“I can’t believe I did it again!,” one of the pair exclaimed, slapping palm against forehead. (I’m withholding the name of the “bonehead” — their word — to save them further embarrassment.)

“I can’t believe you did either,” the other deadpanned.

In our 35-minute drive south to the hermitage — a Roman Catholic monastery — we talked to our new friends Rich and Vicky about everything from Big Sur gossip to climate change to future hopes and dreams.

“We don’t get to talk to many new people at all,” Vicky explained.

‘There are families and workers who have been here for years, you know, like fixtures of the community, and they’ll have to leave if something doesn’t change soon.’Rich, a Big Sur beekeeper

“Yeah, it’s really great to see people on this side,” Rich said.

“Slow down just a bit,” Vicky said, looking carsick.

“These roads wind on you,” Rich said, a little defensively.

“Especially if you’re driving them fast,” Vicky replied.

“So you’re not worried about getting pulled over or getting a ticket?” I asked.

“We haven’t seen anyone pulled over since the bridge came down,” Rich said. That was in February.

“I think there’s a sheriff car parked on this side,” Vicky said.

“Yeah, but I think that’s more for show so people don’t drive drunk from the tavern,” Rich explained.

There are only a few businesses open along the highway. One of them is the Big Sur Taphouse, just south of Pfeiffer Canyon, which has become the de facto community center for the people who remain in the area.

A helicopter sits on Highway 1. Since February, it’s been one of the few ways in and out of the area south of the Pfeiffer Canyon Bridge
A helicopter sits on Highway 1. Since February, it’s been one of the few ways in and out of the area south of the Pfeiffer Canyon Bridge
Krista Almanzan/KQED

It’s there that the rumors about Big Sur’s famous recluses, renegades and burnouts swirl, along with gossip about local businesses, sexy Caltrans workers, bridge completion dates and idle speculation about what the future might hold.

As we neared the end of our ride, Rich asked if we could get the message out that workers and businesses, cut off from the usual flow of visitors and tourist dollars, are suffering.

“It’s not just money,” he said. “There are families and workers who have been here for years, you know, like fixtures of the community, and they’ll have to leave if something doesn’t change soon. There are already several businesses who have basically shut down after Paul’s Slide. And everyone’s wondering when they’ll ever open.”

“If they’ll ever open,” Vicky corrected.

We said goodbye, got out of their Subaru and started walking south. Soon, we came across a “Road Closed” gate and walked around it.

Paul’s Slide began moving back in mid-December and is still going some five months later.

As we approached the slide, we saw gray PVC pipes jutting out of the mountainside, installed to drain groundwater. Clear liquid trickled out of the pipes and pebbles fell continuously from the top of the mountain.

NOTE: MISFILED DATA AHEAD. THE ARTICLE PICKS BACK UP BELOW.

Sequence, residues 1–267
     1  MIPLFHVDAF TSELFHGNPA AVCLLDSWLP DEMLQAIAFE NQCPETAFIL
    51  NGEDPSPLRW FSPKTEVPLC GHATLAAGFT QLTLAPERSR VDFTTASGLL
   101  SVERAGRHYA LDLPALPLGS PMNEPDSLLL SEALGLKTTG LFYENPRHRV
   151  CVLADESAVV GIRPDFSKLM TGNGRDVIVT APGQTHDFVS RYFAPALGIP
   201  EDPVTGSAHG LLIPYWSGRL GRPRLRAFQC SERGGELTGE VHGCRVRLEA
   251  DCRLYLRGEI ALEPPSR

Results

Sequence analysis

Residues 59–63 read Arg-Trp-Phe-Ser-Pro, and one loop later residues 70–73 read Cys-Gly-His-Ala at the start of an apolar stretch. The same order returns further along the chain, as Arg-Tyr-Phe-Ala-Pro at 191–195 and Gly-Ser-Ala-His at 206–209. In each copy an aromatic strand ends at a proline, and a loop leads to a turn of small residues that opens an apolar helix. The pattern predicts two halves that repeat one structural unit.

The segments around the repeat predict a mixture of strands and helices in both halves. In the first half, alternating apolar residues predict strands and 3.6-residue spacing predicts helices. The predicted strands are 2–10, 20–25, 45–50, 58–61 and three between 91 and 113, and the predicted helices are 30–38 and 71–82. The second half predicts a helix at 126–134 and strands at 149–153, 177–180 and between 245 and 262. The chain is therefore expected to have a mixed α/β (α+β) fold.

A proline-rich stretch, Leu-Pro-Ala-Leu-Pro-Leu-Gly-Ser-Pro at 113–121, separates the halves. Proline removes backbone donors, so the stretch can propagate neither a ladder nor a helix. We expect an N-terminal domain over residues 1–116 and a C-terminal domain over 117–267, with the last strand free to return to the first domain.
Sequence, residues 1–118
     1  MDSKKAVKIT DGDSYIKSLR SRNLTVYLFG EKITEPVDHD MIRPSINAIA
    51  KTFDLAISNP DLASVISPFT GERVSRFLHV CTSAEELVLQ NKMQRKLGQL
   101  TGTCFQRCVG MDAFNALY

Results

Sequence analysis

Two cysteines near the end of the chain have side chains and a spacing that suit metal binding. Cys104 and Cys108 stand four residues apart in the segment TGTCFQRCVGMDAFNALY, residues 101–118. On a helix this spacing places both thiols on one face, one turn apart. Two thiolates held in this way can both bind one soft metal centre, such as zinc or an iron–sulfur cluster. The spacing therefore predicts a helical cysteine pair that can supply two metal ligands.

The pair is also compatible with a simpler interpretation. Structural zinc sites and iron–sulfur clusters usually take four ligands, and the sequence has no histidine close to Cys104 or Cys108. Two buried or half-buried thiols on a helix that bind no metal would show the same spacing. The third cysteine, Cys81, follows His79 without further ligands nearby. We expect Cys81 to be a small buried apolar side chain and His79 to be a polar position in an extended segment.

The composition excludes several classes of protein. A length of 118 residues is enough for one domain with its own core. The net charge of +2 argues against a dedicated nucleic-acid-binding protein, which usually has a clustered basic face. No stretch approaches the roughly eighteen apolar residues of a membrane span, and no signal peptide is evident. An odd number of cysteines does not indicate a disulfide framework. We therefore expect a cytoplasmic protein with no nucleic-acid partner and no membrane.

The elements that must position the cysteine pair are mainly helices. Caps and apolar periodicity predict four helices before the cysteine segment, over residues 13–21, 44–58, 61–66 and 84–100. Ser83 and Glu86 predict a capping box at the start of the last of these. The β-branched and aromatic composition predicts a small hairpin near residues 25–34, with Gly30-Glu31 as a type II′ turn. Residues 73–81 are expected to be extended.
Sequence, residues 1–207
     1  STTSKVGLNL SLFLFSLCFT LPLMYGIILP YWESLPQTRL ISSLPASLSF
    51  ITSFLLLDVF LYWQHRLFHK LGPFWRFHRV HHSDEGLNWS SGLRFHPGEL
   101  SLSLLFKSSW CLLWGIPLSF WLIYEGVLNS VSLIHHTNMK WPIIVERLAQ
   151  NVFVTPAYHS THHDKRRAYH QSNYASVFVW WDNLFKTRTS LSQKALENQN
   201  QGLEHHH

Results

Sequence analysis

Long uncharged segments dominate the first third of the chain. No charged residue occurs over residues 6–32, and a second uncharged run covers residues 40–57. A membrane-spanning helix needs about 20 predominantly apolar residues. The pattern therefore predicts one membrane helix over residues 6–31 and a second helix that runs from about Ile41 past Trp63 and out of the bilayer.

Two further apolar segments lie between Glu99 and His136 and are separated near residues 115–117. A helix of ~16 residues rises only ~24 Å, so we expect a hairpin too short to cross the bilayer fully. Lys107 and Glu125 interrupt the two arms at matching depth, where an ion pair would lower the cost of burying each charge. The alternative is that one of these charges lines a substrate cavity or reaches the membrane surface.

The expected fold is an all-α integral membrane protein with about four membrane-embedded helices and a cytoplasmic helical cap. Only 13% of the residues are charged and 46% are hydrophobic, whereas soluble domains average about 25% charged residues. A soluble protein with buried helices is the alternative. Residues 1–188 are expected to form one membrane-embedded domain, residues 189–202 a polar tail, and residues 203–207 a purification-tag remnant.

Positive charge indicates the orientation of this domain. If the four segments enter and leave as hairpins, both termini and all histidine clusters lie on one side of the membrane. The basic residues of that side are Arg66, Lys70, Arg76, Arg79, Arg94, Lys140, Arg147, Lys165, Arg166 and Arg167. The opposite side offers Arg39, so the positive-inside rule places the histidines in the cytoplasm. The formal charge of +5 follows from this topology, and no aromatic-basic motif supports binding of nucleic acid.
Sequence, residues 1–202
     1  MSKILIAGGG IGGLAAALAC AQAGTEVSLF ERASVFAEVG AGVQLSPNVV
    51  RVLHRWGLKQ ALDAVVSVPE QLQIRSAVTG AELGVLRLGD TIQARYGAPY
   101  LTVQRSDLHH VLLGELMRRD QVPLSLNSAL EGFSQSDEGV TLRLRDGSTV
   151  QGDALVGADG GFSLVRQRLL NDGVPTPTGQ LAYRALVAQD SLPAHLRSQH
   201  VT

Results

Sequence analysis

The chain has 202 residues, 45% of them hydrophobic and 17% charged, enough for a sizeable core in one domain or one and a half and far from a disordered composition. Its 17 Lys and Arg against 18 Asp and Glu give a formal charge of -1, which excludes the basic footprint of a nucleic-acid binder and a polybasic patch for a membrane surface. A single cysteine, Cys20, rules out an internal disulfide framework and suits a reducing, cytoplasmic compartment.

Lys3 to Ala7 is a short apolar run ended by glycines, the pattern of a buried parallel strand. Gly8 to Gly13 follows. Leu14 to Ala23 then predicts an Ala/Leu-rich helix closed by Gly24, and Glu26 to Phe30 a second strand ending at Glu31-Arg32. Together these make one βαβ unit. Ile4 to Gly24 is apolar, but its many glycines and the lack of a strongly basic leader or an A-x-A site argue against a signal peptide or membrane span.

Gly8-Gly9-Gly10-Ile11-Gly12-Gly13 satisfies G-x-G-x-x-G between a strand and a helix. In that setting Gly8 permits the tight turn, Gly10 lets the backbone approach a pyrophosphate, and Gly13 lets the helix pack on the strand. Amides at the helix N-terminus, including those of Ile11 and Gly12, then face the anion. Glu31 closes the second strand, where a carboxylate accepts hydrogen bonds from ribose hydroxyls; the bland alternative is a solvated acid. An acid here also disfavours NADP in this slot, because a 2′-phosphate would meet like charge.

Closer to the slide’s center, water streamed from the pipes, while fist-sized rocks bounced off the ground. As the highway narrowed and boulders appeared on the pavement, the water practically gushed onto the roadway.

Water drains off Paul’s Slide onto what exposed surface remains of Highway 1.
Water drains off Paul’s Slide onto what exposed surface remains of Highway 1.
John Sepulvado/KQED

Gabrielle cupped her hands and drank some of the water.

“How’s it taste?” I yell over to her.

“Like water,” she yelled back.

“Like good water?” I asked.

“Well, I’m not going to taste it long enough to get sick,” she said. “I don’t know what’s in it.”

While Gabrielle wondered what was in the fresh water coming from the mountain, you could see the mountain in the seawater below. Normally, this stretch of the California coast is colored in deep greens or blues, but the earth from Paul’s Slide had turned a large swath of the water immediately below us turquoise.

“It looks more like the tropics than California,” Gabrielle said.

‘One feels exposed — not only to the elements, but to the sight of God.’Henry Miller, on living in Big Sur

As we walked closer to Limekiln State Park, we saw 13 big vehicles, including bulldozers and dump trucks, parked along the side. In the distance, we saw bicyclists and could hear the faraway laughter of kids echo off the coastal rocks.

On Saturday, about 30 families were camped at Limekiln State Beach. There were still open campsites during what’s usually one of the year’s busiest weekends. Apparently, getting to this majestically beautiful spot wasn’t worth the extra hours of travel over the challenging Nacimiento-Fergusson Road for many of those who made reservations.